We are grateful to Jim Hessler, a Licensed Gettysburg Battlefield Guide who partnered with Amblebrook resident Peggy Peters to organize an enlightening tour of historic Hunterstown. Their fascinating insights provide the perfect guide for your own exploration of Amblebrook’s legendary neighbor.
On January 2nd, 2021 an adventurous group of Amblebrook residents started the new year by learning more about historic Hunterstown, located within a mile of our community. It was interesting for the group to learn that Hunterstown is one of the oldest towns in the country, founded by David Hunter in the 1740s. At one time, Hunterstown was a thriving village with a town square, also known as the rocking chair capital of the world. In 1800, Gettysburg and Hunterstown competed to become the county seat for Adams County. Gettysburg received the honor, but it is interesting to consider how Hunterstown might have grown if it had been chosen instead.
Four stops during the residents’ auto tour included the Conewago Presbyterian Church, Tate Farm, Felty Farm and Gilbert Farm. The Conewago Presbyterian Church cemetery served as a field hospital during the Battle of Gettysburg and is the ultimate resting place for 30 Revolutionary War veterans and nine Civil War soldiers. It was in the fields near this church that a Confederate cavalry, led by General Wade Hampton, camped briefly during the morning of July 2, 1863 before colliding with the Union cavalry that arrived in town later that afternoon along what became our modern Shrivers Corner Road.
The group then visited the restored Tate residence, where President George Washington had his horse shod at the farm’s blacksmith shop upon his return from quelling the Whiskey Rebellion in October of 1794. Residents viewed Beaver Dam Creek and the tree that still exists on the Tate Farm property where George Washington rested during his stop in Hunterstown. During the fighting on July 2, 1863, the Union cavalry pushed the Confederate troops back through the town and occupied the area surrounding the Tate farm until they fought again on Hunterstown Road later that day.
The tour continued down Hunterstown Road, along what then comprised the Felty and Gilbert farm properties. At these stops, the guide described the fighting that occurred when Union soldiers under the command of Union General George Armstrong Custer—in only his second engagement since being promoted to General at the age of 23—charged down what is now Hunterstown Road to engage with the Confederates. The Battle of Hunterstown is most famous for the fact General Custer nearly lost his life when his horse was shot out from under him, an event that would have changed U.S. history. General Custer’s horse fell on top of him as a Confederate soldier tried to slash Custer with a saber. Private Norvell Churchill of the Union cavalry shot down the Southern soldier and saved General Custer’s life.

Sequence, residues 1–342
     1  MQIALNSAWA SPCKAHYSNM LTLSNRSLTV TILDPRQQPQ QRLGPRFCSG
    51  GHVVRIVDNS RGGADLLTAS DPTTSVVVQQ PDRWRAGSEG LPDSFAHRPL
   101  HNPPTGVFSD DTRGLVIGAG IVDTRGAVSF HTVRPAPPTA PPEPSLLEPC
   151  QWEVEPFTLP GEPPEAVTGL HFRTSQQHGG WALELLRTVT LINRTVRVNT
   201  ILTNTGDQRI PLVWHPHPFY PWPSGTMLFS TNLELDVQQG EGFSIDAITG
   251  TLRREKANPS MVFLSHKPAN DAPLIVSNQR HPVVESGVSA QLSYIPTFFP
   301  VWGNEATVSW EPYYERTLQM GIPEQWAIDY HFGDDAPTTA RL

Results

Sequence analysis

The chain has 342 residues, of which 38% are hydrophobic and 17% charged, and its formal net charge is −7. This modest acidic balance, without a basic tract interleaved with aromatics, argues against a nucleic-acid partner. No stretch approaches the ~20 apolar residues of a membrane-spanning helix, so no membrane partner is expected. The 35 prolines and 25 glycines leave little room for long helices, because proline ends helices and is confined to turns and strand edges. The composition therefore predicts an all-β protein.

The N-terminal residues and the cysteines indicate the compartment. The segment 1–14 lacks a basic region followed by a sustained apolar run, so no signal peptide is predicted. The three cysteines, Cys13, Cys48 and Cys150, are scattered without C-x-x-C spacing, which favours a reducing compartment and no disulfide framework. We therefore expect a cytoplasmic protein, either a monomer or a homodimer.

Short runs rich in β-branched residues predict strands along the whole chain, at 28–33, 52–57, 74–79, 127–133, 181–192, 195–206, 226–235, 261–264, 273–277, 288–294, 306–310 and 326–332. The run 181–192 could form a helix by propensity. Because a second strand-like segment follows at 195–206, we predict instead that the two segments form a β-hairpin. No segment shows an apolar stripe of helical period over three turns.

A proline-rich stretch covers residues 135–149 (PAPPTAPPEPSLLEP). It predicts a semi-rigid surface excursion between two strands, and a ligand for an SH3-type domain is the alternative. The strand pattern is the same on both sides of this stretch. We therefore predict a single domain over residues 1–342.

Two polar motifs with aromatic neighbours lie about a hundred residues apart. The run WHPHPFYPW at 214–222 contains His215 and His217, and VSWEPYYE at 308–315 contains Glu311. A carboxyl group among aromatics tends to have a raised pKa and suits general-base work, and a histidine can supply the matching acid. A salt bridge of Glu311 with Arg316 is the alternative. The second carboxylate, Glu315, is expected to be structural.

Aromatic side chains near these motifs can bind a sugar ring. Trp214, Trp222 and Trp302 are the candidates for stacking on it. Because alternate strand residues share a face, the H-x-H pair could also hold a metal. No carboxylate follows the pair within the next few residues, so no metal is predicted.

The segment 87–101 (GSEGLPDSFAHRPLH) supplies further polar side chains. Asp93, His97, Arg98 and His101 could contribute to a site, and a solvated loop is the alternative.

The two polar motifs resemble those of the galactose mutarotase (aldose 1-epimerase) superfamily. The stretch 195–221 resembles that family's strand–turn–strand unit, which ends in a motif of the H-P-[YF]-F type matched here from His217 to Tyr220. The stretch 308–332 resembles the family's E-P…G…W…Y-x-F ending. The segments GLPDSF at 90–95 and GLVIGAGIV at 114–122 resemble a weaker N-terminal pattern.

Total casualties are unknown, but between 40 and 100 soldiers were wounded or lost their lives in the Battle of Hunterstown. The remaining soldiers continued on to Gettysburg’s East Cavalry Field to continue fighting on July 3, 1863. The Battle of Hunterstown holds strategic importance because the Union cavalry delayed the Confederate soldiers from arriving in Gettysburg, protecting the left flank of General Lee’s army. As a result of this delay, the Confederates were then forced to detach other troops to guard the flank, depriving the Southerners of manpower during the critical attack against Culp’s Hill on the evening of July 2nd. A Confederate victory at Culp’s Hill might have changed the outcome of the Battle of Gettysburg or the entire Civil War, but Union forces successfully defended Culp’s Hill and won the great battle.
(Note: The Tate farm and all historic residences in Hunterstown are privately owned, so one should obtain the owners’ permission before venturing onto the property.)
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